Children with cystinosis want the same opportunities as any other child at school. They want to learn how to read, play at recess, and discover the joy of friendships. But sometimes the challenges of living with cystinosis can get in the way. Below are a few tips to help you work with teachers and school staff. This way you can make sure cystinosis doesn't get in the way of your child's school experience.
Dealing with absences
Cystinosis may cause your child to miss school. The major reasons for absences may be:
Missing sleep because of medicine schedules
If you know your child is going to be absent, be sure to tell the school and your child's teacher in advance. You can even make a missed-school plan with your child's teacher. This can help your child keep up with classwork during absences.
Speaking about cystinosis at school
Helping peers understand cystinosis can make a big difference for your child. You, your child, or the school nurse may want to speak to teachers and students at the start of the school year to explain cystinosis to them.
Finding an advocate at school
Ask your child's teacher to help find a point person who can be your child's advocate at school. A point person is someone who can answer questions and handle problems. A counselor, nurse, or teacher are all good options.
School day checklist for cystinosis
This checklist contains helpful tips for making life more manageable for your child at school. Work with your child's school to complete this checklist.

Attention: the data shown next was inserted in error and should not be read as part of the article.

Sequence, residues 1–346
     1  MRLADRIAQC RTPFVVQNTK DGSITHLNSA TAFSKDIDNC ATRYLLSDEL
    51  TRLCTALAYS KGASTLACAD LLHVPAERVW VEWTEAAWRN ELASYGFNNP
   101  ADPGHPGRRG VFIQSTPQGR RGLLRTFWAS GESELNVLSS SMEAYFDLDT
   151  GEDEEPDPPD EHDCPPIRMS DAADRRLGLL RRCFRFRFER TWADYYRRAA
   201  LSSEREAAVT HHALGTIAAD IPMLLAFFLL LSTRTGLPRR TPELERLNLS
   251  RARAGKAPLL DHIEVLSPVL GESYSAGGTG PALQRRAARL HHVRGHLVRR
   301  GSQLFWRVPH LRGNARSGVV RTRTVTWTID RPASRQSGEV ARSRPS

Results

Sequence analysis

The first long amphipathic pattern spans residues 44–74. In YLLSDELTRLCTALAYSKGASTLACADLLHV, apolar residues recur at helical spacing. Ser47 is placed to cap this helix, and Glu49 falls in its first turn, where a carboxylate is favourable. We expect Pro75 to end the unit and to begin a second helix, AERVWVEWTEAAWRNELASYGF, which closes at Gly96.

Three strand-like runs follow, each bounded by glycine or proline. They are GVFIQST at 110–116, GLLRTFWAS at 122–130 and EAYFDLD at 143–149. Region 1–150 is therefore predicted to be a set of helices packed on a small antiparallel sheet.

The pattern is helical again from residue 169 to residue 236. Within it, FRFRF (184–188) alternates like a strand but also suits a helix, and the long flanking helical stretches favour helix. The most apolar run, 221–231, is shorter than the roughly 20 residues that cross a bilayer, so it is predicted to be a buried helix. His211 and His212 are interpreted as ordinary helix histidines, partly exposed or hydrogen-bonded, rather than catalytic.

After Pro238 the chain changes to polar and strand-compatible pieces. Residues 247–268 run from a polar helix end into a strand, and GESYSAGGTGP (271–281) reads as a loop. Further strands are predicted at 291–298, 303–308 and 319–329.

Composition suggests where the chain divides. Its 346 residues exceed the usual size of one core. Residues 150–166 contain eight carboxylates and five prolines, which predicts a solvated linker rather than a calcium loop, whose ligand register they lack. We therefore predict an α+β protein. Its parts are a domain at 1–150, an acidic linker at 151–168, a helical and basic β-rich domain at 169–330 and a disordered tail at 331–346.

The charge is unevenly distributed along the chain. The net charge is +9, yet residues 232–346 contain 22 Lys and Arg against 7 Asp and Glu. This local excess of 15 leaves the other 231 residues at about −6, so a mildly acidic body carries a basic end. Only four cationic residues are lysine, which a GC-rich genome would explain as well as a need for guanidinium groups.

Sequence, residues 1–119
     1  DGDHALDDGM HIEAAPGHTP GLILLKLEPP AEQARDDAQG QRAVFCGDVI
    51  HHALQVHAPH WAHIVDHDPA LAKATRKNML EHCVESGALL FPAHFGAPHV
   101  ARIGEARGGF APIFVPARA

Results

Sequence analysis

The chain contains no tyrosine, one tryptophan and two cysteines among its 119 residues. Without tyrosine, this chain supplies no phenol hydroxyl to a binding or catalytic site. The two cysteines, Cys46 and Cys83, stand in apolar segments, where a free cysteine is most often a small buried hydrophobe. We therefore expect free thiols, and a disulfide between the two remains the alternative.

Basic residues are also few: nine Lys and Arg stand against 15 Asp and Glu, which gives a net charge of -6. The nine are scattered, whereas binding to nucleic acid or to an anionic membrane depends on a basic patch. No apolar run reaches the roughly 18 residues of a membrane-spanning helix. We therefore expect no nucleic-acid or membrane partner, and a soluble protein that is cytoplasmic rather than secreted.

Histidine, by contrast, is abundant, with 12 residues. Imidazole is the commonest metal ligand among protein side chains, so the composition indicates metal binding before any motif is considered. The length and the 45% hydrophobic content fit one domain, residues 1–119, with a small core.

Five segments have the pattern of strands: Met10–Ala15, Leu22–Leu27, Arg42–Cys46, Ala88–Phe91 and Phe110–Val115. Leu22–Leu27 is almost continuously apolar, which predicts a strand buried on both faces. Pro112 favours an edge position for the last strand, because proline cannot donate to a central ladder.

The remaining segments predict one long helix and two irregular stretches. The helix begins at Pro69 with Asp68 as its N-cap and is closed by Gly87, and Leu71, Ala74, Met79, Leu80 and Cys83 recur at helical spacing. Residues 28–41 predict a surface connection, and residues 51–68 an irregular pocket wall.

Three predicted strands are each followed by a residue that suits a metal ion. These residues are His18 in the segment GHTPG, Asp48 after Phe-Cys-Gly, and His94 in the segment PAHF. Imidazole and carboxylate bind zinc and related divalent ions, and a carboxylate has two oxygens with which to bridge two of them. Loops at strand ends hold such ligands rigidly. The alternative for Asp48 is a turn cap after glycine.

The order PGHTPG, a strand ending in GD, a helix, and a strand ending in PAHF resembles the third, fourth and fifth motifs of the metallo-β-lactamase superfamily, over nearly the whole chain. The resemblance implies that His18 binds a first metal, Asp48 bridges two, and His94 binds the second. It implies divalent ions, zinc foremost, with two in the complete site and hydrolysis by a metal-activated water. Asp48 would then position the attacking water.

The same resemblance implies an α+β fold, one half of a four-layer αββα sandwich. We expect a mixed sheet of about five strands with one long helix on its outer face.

Create a plan for managing your child's medicine at school
Consider doing the following:
Review medicine schedules with teachers and the school nurse. Create a plan that allows your child to get his or her medicine when it's needed
Keep a supply of medicines at school with the nurse as needed
Create an emergency medical plan with the school and your child's doctor
Identify a staff member to be your child's go-to advocate at school
Work with someone on the school staff who knows your child well. This person can help answer and tackle any problems or concerns. A counselor, nurse, or teacher are all good options
Ask your child's teacher to make special arrangements to make the classroom more comfortable for your child
Consider asking if your child can:
Chew gum or have mints to help mask the breath and body odor caused by medicine
Carry a water bottle to stay hydrated
Go to the bathroom as needed
Wear sunglasses indoors and/or sit away from the sunlight
Go to the school nurse to rest if tired
Eat snacks during class to deal with low energy levels
Keep an extra set of clothes with the school nurse in case of accidents
Work with the school to create a plan for keeping up with schoolwork
You might want to:
Create a plan for handling absences and how to help your child keep up with classwork
Ask your child's teachers if they can provide your child with extra time for tests and quizzes